La Habra Asks Residents, Businesses to Cut Water Amid Drought

By Julianne Foster
Julianne Foster
Julianne Foster
May 18, 2022 Updated: May 18, 2022

LA HABRA, Calif.—An Orange County city’s councilors voted 5–0 this week for residents and businesses to cut up to 20 percent of their water usage amid three consecutive years of drought.

The council enacted what’s known as a Level 2 Water Supply Shortage under an executive order by California Gov. Gavin Newsom, which mandates water shortage contingency plans.

In other parts of Orange County, the City of Anaheim is moving forward to lessen water usage while the Fullerton City Council will discuss the issue at their June 7 meeting.

For La Habra, the following restrictions on irrigation use are now in effect:

  • Watering must be reduced to three days a week for no more than 15 minutes per day. Exceptions to this include hand watering or drip irrigation for plant containers, trees, shrubs, and vegetable gardens on off days.
  • No water runoff is allowed.
  • Water leaks or breaks must be fixed within four days.
  • Irrigation is prohibited between 9 a.m. and 6 p.m. except for hand watering.
  • Watering is prohibited for 48 hours after it rains.

City staff will be monitoring irrigation practices and check meters to gauge the water use of each household and will communicate with residents directly about any issues.

During the hearing on the issue, Councilman Steve Simonian asked the Municipal Water District of Orange County, which supplies water to the area, “make sure our house is in order” regarding citizens who may experience frustrations if they see their sacrifices unmatched by the city’s use of water for its parks, medians, and athletic fields.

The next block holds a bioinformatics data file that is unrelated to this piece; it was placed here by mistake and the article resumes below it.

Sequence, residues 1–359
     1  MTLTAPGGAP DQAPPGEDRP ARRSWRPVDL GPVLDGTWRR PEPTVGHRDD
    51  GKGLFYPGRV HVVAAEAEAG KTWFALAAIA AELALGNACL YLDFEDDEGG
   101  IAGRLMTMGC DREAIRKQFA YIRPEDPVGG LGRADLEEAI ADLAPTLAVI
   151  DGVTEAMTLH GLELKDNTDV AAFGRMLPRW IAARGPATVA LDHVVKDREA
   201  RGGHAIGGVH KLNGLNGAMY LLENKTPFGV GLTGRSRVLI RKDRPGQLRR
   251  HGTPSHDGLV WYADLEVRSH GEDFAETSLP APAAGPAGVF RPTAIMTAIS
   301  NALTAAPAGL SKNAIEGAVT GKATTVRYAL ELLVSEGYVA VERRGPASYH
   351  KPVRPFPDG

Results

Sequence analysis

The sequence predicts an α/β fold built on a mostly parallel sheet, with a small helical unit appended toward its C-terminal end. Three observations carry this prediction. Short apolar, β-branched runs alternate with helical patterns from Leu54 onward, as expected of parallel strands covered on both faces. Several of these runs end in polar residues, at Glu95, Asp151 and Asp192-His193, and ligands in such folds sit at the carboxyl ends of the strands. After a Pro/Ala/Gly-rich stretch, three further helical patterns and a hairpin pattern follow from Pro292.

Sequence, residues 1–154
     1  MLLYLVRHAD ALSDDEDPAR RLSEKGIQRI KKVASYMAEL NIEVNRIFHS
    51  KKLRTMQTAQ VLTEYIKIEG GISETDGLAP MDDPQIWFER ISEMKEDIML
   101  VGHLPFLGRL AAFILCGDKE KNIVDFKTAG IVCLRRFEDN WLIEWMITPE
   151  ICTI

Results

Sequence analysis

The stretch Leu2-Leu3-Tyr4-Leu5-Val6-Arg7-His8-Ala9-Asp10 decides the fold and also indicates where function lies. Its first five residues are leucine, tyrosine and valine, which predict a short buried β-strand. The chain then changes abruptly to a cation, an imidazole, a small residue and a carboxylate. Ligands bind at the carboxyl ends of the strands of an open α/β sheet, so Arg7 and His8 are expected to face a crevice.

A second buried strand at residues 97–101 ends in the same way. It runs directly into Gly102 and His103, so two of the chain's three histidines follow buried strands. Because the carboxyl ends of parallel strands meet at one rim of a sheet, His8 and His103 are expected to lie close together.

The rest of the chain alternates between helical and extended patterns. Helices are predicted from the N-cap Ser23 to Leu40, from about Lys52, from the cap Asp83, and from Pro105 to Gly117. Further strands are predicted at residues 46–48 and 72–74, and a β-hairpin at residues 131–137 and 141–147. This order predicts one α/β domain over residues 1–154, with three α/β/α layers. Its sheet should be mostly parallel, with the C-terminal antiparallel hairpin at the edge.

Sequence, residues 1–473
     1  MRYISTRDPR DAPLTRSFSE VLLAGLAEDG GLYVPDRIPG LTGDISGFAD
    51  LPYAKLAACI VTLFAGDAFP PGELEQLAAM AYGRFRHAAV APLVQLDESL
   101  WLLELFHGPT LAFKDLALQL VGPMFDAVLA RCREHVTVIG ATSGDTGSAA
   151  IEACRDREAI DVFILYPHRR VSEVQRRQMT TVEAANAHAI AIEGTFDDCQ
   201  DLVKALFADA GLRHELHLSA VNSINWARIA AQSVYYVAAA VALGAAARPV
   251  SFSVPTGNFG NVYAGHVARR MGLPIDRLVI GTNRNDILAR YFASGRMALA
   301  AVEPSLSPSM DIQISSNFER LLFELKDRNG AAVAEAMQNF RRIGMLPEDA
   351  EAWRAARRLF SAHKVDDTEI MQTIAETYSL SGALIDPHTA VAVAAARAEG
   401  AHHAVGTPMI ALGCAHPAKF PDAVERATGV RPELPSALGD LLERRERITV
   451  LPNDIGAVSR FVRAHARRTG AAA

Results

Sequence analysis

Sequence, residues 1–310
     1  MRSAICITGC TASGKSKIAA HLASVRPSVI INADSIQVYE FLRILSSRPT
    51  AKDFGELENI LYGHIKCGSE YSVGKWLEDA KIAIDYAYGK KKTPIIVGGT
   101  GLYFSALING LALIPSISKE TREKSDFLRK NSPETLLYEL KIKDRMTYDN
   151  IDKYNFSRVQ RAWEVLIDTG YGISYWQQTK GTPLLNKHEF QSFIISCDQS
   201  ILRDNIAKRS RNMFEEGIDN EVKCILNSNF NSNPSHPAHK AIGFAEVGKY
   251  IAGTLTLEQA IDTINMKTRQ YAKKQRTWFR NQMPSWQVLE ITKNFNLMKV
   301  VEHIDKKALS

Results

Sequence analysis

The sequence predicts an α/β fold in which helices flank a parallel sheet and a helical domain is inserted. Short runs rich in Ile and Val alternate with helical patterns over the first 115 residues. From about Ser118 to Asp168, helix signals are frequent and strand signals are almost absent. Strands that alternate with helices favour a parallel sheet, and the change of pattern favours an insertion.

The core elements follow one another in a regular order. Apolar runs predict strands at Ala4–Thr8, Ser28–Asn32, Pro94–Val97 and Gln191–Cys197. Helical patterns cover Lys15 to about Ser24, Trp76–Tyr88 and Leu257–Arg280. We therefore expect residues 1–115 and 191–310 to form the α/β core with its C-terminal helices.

The water district and the city are offering to compensate residents three dollars per square foot for any drought-friendly landscape replacements.

Elias Saykali, the Director of Public Works, said the city would incur $900,000 in losses, due to the restrictions. Approximately $400,000, he said, will be lost in sewer revenue, the rest due to a 20 percent reduction of water sales from the city.

Even with those kinds of losses—Saykali said, provided things don’t get worse—city projects already funded would not be affected.

Some areas of Los Angeles, Riverside, and Ventura counties have been under an emergency water conservation order since the end of April.